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Wavelet Transform A Presentation By Subash Chandra Nayak 01EC3010 IIT Kharagpur INDIA

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Introduction to the world of transform What are transforms :- A mathematical operation that takes a function or sequence and maps into another one General Form :- Examples :- Laplace, Fourier, DTFT, DFT, FFT, z-transform

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Fourier Transform Mathematical Form :- Notes :- Fourier transform identifies all spectral components present in the signal, however it does not provide any information regarding the temporal (time) localization of the components

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Fourier Transform :: Limitations Signals are of two types # Stationary # Non – Stationary Non stationary signals are those who have got time varying spectral components... FT gives only provides the existence of the spectral components of the signal... But does not provide any information on the time occurrence of spectral components Explanation The basis function e -jwt stretches to infinity, Hence only analyzes the signal globally In order to obtain time-localization of spectral components, the signal need to be analyzed locally

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Time – Frequency Representation Instantaneous frequency :-Instantaneous frequency :- Group delay :-Group delay :- Disadvantages of above expressionsDisadvantages of above expressions These equations though have a huge theoretical significance but are not easy to implement easily

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Short-time Fourier Transform Also known as a STFT given as w(t) :- windowing function generally a Gaussian pulse is used, other choices are rectangular, elliptic etc.. Maps 1D function to 2D time-frequency domain Advantages :- # Gives us time-frequency description of the signal # Overcomes the difficulties of Fourier transform by use of windowing functions

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STFT :: Disadvantages Heisenberg Principle :-Heisenberg Principle :- One can not get infinite time and frequency resolution beyond Heisenbergs Limit Trade offs :-Trade offs :- Wider window Good frequency resolution, Poor time resolution Narrower window Good time resolution, Poor frequency resolution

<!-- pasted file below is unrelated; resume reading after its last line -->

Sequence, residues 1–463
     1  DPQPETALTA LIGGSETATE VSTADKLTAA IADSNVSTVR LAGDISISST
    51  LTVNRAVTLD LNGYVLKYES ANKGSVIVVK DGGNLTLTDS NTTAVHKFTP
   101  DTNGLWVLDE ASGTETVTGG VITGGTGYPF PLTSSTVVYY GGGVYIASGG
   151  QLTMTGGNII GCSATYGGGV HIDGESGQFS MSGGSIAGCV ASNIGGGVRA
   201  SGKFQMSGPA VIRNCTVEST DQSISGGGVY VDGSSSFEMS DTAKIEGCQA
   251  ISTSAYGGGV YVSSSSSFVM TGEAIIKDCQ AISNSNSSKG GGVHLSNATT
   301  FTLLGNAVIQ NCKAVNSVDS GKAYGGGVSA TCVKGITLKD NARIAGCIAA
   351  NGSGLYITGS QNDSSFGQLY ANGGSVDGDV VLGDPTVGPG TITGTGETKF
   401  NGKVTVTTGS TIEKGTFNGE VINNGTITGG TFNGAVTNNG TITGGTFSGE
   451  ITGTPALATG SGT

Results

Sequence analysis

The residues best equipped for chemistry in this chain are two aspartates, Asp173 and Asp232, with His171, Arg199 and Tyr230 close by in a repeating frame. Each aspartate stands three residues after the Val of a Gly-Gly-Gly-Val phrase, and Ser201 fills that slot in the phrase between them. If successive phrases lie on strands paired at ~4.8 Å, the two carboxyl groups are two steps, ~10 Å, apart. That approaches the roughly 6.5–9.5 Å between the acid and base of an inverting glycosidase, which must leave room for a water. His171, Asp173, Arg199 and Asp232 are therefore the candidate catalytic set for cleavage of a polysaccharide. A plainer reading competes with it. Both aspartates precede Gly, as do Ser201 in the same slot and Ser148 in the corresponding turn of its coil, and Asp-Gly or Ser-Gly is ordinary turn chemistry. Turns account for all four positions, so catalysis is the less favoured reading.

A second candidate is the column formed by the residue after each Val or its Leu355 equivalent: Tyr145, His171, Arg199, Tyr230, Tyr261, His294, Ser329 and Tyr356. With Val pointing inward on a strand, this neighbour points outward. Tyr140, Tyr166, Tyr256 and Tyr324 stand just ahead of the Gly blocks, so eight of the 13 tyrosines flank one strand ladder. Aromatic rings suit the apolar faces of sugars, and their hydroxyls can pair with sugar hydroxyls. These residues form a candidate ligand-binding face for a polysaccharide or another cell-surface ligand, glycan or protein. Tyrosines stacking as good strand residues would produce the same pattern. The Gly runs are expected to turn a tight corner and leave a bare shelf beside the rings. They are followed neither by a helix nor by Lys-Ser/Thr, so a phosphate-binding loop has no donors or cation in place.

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Wavelet Transform Overcomes the shortcoming of STFT by using variable length windows :: i.e. Narrower window for high frequency thereby giving better time resolution and Wider window at low frequency thereby giving better frequency resolution Heisenbergs Principle still holds Mathematical form:- where x(t) = given signal tau = translation parameter s = scaling parameter = 1/f phi(t) = Mother wavelet, All kernels are obtained by scaling and/or translating mother wavelet

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Continuous Wavelet transform The kernel functions used in wavelet transform are all obtained from one prototype function known as mother wavelet, by scaling and/or translating it Here a = scale parameter b = translation parameter Continuous Wavelet transform

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CWT (Contd..) In order to become a wavelet a function must satisfy the above two conditions

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Inverse wavelet transform

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Examples of wavelets

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Constant Q-filtering CWT can be rewritten as A special property of the above filter defined by the mother wavelet is that they are Constant-Q filters Q factor = Center frequency/Bandwidth Hence the filter defined by wavelet increases their Bandwidth as scale increases ( i.e. center frequency increases ) This boils down to filter bank implementation of discrete wavelet transform

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Filter Banks :: General Structure Condition for Perfect Reconstruction

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Filter bank (Contd..) Product filter Now lets define product filter as :- P 0 (z) = F 0 (z)H 0 (z) And Normalized Product filter as P(z) = z L P 0 (z) where L = delay in total process So the PR condition boils down to this realationship P(z) – P(-z) = 2

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Harr Filter Bank Note that f 0 (n) and f1(n) are non-causal... Hence here Unit delay is required to implement it hence here L = 1

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Product filter P(w) is said to be halfband filter because of its symmetry Also P(w) + P(w + pi) = 2

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Product filter II P(w) should be as flat as possible around 0 and pi. The more is the flatness of P(w) around 0 and pi the better the Product filter is. Hence P(w) is always tried to be designed as a MAXFLAT Filter Order of filter :: p p = (L+1)/2 ; L = number of delay elements Methods of determination of P(z) # Duabechies method # Meyer methods Both of the above methods give us P(z) for a given order p. The higher is the order the better is the filter but at the same time it will require more hardware complexity